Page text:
Unfair exit fees will be defined as any charges found to be greater than necessary for a bank to recover legitimate costs, the newspaper said.
U.S. Probes Whether Citi Misled Debt Fund Investors, WSJ Says
The U.S. Securities and Exchange Commission is investigating whether Citigroup Inc. misled investors about the riskiness of some soured debt funds, the Wall Street Journal reported, citing unidentified people familiar with the matter.
Former brokers at Citigroup’s Smith Barney unit made the allegations and were subsequently subpoenaed by the SEC, the Journal said. They left the company after disagreements over how the funds, including MAT Finance LLC and Falcon, were handled, the newspaper said. The funds invested in municipal bond and mortgage debt, using borrowed money.
Citigroup said it didn’t mislead investors, the Journal said. The SEC and a lawyer for the brokers declined to comment.
Man Charged in Philadelphia With $17 Million Fraud
U.S. prosecutors in Philadelphia charged and arrested Robert Stinson Jr. with running a $17 million Ponzi scheme tied to real estate hedge funds.
Stinson, 55, is accused of cheating more than 260 investors by promising returns of 10 percent to 16 percent from the funds, U.S. Attorney Zane David Memeger said Nov. 5 in an e-mailed statement. Stinson is charged with 26 counts of wire, bank, and mail fraud, money laundering, obstruction of justice, filing false tax returns and making false statements.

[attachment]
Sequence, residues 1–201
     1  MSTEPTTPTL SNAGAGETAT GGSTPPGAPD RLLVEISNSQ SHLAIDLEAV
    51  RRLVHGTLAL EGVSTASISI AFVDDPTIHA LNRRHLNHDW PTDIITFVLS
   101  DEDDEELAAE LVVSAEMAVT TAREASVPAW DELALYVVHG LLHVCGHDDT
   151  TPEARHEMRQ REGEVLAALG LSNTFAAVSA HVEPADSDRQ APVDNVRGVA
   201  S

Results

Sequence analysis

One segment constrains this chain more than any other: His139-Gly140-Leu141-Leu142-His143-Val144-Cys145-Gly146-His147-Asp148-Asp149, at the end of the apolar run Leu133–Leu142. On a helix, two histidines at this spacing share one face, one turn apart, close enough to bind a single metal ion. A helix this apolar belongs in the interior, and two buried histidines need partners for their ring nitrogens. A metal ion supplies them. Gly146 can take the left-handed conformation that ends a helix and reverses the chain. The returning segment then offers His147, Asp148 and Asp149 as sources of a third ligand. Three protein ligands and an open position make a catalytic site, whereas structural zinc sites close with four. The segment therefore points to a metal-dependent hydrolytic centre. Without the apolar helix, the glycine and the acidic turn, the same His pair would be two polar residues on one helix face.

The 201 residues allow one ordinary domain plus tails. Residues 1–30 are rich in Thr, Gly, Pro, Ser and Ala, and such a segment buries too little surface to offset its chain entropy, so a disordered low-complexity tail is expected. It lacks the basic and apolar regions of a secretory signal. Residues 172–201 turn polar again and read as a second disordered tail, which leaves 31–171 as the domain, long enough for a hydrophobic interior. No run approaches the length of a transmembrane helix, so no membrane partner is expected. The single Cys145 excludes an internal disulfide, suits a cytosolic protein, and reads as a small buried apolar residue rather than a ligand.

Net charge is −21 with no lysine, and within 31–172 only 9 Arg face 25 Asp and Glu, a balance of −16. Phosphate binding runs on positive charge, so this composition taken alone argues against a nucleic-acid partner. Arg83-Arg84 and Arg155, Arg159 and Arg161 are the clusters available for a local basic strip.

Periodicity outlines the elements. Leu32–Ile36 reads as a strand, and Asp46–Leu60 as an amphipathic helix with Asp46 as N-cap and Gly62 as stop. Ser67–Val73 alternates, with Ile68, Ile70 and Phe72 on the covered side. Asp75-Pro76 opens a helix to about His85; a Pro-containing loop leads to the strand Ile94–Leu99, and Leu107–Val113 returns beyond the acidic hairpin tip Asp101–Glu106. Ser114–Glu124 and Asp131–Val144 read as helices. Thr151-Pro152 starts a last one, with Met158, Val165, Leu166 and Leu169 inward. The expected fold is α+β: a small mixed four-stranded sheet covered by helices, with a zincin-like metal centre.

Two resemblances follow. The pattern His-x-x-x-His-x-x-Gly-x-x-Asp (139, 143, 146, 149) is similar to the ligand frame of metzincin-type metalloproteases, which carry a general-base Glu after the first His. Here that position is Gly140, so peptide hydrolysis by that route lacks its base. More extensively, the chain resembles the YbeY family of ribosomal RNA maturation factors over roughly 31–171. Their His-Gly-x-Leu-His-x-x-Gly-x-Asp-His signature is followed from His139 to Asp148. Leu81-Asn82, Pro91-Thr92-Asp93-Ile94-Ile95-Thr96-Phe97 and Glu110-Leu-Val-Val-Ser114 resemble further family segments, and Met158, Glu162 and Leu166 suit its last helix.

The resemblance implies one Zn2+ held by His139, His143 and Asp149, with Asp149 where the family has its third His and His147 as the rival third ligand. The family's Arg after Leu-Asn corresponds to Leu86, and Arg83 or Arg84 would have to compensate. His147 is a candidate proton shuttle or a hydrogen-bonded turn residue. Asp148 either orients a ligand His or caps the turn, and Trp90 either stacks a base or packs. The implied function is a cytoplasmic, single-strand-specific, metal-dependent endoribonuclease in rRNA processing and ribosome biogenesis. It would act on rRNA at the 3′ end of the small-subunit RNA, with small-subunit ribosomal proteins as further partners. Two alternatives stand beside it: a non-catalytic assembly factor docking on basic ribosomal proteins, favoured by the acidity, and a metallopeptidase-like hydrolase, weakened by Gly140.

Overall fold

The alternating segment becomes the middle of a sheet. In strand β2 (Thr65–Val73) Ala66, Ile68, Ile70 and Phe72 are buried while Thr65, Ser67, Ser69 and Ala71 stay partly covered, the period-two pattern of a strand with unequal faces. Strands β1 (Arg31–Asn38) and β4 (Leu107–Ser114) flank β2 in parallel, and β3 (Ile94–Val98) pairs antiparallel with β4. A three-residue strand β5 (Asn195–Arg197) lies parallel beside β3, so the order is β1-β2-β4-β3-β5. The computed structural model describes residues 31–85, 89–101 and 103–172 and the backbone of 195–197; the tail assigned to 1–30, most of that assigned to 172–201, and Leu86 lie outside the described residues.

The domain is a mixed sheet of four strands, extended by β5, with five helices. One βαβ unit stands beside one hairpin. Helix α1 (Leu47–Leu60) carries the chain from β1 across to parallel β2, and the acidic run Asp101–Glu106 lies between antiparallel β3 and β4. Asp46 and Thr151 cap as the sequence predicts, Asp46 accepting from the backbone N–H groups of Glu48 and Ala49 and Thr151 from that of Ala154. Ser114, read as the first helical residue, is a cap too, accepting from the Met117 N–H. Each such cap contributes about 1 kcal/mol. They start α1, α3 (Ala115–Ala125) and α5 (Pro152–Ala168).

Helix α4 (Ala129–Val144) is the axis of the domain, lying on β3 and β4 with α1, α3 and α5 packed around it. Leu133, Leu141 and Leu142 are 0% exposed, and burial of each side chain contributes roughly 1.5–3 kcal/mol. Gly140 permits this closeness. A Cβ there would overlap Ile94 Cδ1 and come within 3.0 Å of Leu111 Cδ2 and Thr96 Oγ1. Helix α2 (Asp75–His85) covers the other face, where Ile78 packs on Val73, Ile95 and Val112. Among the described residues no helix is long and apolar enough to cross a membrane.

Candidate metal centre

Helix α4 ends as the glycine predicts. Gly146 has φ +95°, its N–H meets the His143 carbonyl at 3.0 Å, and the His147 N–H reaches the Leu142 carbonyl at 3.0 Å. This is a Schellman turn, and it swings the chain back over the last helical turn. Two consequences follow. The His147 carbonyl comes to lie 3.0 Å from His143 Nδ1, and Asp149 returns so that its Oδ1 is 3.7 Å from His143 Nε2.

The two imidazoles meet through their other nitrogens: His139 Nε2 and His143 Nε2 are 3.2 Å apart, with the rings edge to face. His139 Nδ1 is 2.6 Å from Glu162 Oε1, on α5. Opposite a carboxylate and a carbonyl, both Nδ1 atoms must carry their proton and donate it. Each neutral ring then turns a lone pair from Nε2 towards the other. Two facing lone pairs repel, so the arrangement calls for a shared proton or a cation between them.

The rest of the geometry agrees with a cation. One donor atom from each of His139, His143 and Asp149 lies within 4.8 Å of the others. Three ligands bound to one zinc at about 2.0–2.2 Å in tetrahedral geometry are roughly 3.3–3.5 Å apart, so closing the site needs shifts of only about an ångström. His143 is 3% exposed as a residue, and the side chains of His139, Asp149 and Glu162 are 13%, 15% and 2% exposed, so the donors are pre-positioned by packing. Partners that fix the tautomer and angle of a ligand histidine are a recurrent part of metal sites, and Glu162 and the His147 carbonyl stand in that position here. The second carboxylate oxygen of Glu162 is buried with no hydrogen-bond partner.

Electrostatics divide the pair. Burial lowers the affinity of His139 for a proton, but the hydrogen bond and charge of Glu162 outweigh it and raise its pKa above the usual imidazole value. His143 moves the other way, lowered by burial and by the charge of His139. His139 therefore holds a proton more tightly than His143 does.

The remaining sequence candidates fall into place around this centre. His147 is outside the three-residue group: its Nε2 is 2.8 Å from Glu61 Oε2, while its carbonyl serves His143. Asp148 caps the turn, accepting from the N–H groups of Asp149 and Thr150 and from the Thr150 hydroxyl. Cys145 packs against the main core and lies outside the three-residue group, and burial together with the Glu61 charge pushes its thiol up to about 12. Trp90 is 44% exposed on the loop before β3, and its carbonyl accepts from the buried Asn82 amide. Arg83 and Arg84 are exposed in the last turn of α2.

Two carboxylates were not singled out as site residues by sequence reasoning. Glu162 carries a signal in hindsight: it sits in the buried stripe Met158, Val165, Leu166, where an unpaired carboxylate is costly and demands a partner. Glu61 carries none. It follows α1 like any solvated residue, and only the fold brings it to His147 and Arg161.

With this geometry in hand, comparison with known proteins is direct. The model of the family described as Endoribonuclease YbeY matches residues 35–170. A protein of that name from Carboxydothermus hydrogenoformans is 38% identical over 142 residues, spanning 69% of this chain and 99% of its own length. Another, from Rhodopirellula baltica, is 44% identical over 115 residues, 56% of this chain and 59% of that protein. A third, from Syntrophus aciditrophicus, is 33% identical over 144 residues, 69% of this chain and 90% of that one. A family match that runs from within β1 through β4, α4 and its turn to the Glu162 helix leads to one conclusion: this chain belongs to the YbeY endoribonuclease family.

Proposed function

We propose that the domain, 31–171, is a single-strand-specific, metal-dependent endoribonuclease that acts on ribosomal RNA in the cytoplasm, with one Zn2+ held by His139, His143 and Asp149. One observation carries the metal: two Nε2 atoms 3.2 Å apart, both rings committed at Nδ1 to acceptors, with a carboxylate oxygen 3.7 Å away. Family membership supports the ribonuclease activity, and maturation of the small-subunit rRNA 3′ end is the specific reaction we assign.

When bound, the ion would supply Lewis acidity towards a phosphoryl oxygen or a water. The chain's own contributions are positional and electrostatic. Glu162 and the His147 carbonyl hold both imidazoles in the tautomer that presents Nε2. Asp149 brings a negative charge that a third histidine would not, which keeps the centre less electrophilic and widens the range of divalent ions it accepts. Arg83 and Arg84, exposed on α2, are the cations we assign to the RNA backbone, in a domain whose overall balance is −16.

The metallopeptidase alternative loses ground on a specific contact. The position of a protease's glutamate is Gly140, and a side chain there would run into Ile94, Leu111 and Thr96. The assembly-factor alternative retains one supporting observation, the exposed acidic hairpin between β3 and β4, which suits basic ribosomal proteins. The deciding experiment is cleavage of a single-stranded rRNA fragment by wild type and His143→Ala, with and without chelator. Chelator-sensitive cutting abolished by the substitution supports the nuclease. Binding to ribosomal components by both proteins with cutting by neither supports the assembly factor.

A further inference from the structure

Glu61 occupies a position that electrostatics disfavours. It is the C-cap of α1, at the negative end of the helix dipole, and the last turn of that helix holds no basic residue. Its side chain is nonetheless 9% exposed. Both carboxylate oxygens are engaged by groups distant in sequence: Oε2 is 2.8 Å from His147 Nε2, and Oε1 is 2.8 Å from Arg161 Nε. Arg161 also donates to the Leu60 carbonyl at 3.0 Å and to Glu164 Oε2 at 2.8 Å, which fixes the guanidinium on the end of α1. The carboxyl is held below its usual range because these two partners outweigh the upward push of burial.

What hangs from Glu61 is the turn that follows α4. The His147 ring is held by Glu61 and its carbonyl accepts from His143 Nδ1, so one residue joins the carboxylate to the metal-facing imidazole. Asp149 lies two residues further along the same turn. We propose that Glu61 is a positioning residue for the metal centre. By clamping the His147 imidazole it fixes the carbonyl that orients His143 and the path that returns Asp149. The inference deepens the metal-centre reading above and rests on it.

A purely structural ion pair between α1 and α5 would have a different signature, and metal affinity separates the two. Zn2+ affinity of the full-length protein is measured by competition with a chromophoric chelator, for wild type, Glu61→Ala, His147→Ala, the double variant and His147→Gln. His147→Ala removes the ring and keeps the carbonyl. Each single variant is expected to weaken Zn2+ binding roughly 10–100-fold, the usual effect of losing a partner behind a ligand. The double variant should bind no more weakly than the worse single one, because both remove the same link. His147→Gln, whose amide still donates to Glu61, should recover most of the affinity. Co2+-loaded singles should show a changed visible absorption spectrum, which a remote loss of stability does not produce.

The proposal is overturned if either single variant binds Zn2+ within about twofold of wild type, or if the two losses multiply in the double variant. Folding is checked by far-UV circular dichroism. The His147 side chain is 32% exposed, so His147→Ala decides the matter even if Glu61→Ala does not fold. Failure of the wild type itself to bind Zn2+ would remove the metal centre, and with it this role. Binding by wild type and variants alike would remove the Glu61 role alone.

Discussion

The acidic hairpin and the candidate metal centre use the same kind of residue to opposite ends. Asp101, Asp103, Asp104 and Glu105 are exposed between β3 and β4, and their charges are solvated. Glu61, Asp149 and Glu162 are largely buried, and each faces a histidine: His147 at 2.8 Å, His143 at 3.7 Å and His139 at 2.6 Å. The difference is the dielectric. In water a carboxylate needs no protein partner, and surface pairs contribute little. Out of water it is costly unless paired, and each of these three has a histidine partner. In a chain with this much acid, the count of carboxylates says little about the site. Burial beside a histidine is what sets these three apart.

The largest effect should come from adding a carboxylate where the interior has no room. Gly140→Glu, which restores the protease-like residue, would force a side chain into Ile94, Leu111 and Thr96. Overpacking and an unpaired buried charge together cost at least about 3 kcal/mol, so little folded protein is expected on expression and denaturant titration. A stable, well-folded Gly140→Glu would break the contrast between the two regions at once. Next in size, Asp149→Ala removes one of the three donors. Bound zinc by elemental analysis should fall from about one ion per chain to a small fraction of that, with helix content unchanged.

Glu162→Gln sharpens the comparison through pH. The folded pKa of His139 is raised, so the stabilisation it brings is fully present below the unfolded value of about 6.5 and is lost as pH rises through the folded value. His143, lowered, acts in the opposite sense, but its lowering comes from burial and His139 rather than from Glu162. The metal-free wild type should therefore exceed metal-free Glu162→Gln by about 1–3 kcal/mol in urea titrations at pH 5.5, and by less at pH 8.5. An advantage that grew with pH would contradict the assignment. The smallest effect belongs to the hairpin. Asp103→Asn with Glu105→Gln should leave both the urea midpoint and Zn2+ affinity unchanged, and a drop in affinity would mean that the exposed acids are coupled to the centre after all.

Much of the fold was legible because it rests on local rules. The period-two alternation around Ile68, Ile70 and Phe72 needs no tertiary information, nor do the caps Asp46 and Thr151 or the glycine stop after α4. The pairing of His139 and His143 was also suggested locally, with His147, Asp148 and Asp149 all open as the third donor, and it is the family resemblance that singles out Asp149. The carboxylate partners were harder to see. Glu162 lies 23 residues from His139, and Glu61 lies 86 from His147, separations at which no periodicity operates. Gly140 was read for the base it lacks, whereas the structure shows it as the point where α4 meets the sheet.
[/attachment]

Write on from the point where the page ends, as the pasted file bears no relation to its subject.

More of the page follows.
Stinson allegedly told investors the funds made short-term commercial mortgage loans, prosecutors said. He used investors’ funds to pay himself and family members, and buy cars and vacations, according to the indictment.
The U.S. Securities and Exchange Commission sued Stinson in June over the Ponzi-scheme allegations.
Stuart Patchen, an attorney for Stinson with the federal defender’s office in Philadelphia, didn’t immediately return a phone call seeking comment.
The lawsuit is SEC v. Stinson, 2:10-cv-3130, U.S. District Court, Eastern District of Pennsylvania (Philadelphia).
K1’s Kiener May Be Charged This Week, Prosecutor Says
K1 Group hedge fund founder Helmut Kiener may be charged this week over what prosecutors say was a scheme that led to hundreds of millions in losses at Barclays Plc, JPMorgan Chase & Co. and BNP Paribas SA.